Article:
Page 3: 1993-95 Prelude and formal negotiations

1994: Commencement of CTBT negotiations

(Left to right) Chairman of Working Group 1 (verification) in 1995, Ambassador Lars Norberg of Sweden; Ambassador Michael Weston of the United Kingdom; John Holum, Director of the United States Arms Control and Disarmament Agency.

On 3 February 1994, negotiations on a CTBT began under the chairmanship of Miguel Marin-Bosch, a career diplomat in the Mexican Foreign Service who had followed arms control issues in New York and Geneva as well as played an important role in the 1991 Partial Test Ban Treaty (PTBT) Amendment Conference.
Ambassador Marin-Bosch began the negotiations by announcing his intention to create working groups and expert groups that would operate in an informal atmosphere with high transparency.

Following the example set in the CWC negotiations, CTBT delegates would propose language for insertion into the Treaty text. As the delegates would certainly not agree on all proposed language, contested articles were placed in square brackets for later resolution. Emblematic of the clear divergence of opinion on substantive issues surrounding the Treaty, at one point during the negotiations an estimated 1,200 words and phrases in the rolling text remained in brackets.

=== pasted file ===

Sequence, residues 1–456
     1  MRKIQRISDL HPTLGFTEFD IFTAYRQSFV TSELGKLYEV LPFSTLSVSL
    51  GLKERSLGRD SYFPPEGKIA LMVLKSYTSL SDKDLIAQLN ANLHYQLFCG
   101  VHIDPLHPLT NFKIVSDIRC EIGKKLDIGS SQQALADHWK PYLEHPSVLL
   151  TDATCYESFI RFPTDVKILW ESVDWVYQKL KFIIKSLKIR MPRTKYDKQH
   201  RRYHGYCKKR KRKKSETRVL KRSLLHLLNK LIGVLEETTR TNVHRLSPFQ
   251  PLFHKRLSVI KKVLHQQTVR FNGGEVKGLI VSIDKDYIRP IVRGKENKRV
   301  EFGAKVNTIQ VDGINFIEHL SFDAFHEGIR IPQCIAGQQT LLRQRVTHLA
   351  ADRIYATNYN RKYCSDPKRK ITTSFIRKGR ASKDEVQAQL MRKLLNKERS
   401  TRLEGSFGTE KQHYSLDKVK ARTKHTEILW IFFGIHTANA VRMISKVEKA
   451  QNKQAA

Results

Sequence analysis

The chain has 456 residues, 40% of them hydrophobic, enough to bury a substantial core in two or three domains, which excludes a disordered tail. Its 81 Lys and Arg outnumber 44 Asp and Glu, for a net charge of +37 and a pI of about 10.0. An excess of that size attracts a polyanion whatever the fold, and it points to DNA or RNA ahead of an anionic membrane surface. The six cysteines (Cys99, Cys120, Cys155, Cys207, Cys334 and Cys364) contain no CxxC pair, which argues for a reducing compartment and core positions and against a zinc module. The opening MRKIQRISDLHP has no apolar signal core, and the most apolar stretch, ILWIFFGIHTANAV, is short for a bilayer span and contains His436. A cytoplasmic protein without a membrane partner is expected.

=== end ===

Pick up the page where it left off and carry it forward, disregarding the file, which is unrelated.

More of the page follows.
Emblematic of the clear divergence of opinion on substantive issues surrounding the Treaty, at one point during the negotiations an estimated 1,200 words and phrases in the rolling text remained in brackets.

1994: Creation of working groups

Two Working Groups were established on 16 February 1994. Working Group 1 was to address issues of verification, while Working Group 2 would consider legal and institutional aspects of the Treaty. Some of the issues discussed by Working Group 1 included the technologies and characteristics of the verification regime, what measures were necessary to implement the CTBT and the nature of the future international organization tasked with the administration of the CTBT. Working Group 2 dealt with the scope of the Treaty, national implementation measures, dispute resolution, entry into force, signature and ratification, as well as many other concerns.